Clostridium difficile is most commonly referred to as a healthcare-associated infection (HAI), with at risk-populations including older adults who are currently receiving medical care or who are taking antibiotics. According to the CDC, in 2011 there were approximately 50,000 infections caused by C. difficile. Of the persons infected 29,000 died within 30 days of their initial diagnosis. C. difficile is a type of spore-forming bacteria that produces two types of enterotoxins. It accounts for 15-25 % antibiotic associated diarrhea (AAD). C. difficile infection can also result in pseudomembranous colitis (PMC), toxic megacolon, perforations of the colon, sepsis and sometimes death. It is currently regarded as the leading cause of hospital-acquired infections in the US.
Researchers at the University Of Maryland School Of Medicine have recently discovered that certain species present in the gut may help protect colonization by C. difficile. When the normal microflora in the gut are wiped out by antibiotics, C. difficile has the opportunity to colonize the gut and produce enterotoxins, which is why antibiotic treatment is considered a major risk factor for acquiring a C. difficile infection. In their study, researchers administered one of 7 different antibiotics in mice order to alter the indigenous bacteria present in the gut. Following a 24 h recovery period, mice were challenged with C. difficile spores. Fecal samples from the treated mice were collected on the day of the C. difficile challenge as well as the day after the challenge. Fecal samples were processed to enumerate aerobic as well as anaerobic bacteria present in the samples followed by DNA sequencing. The research team used relative abundance data to build a machine learning regression model to predict the levels of C. difficile that could be found in the fecal samples 24 h following the challenge.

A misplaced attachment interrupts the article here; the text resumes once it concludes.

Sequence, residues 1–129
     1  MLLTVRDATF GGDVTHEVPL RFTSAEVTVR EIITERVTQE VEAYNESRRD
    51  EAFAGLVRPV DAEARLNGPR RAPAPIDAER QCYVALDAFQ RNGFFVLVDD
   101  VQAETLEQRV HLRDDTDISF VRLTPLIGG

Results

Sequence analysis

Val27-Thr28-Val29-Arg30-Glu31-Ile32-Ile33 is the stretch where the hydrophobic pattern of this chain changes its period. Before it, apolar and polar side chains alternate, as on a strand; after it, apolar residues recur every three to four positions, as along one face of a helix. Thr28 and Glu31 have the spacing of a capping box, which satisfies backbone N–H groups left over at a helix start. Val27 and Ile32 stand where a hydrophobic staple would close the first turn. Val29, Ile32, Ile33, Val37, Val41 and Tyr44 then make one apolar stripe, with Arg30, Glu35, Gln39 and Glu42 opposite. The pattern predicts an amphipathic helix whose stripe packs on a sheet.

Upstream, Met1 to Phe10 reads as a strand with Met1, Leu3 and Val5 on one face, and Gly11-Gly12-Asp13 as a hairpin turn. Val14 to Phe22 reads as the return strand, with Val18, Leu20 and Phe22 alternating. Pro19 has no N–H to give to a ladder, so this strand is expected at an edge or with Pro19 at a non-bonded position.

Bacterial populations including Porphyromonadaceae, Lachnospiraceae, Lactobacillus, and Alistipes were reported to be protective against C. difficile colonization and Escherichia and Streptococcus species were found to help enhance C. difficile colonization. One species, Akkermansia, was found to have a strong dependency on other members of the microbiota. The authors of the study concluded that individual bacterial populations do not drive colonization resistance to C. difficile. Instead, authors believe that different bacterial species present in the gut work together to mediate colonization resistance against C. difficile.
The findings of this study could lead to better methods to assess the risk of a particular patient to acquire a hospital acquired infection, such as C. difficile. This would require sequencing of the patient's gut microbiota to determine what bacterial species are missing and added back via probiotic treatment. This method could be used as a pre-screening preventative, similar to those used to screen for MRSA in hospital settings upon admission of a new patient.
Sources: CDC, American Society for Microbiology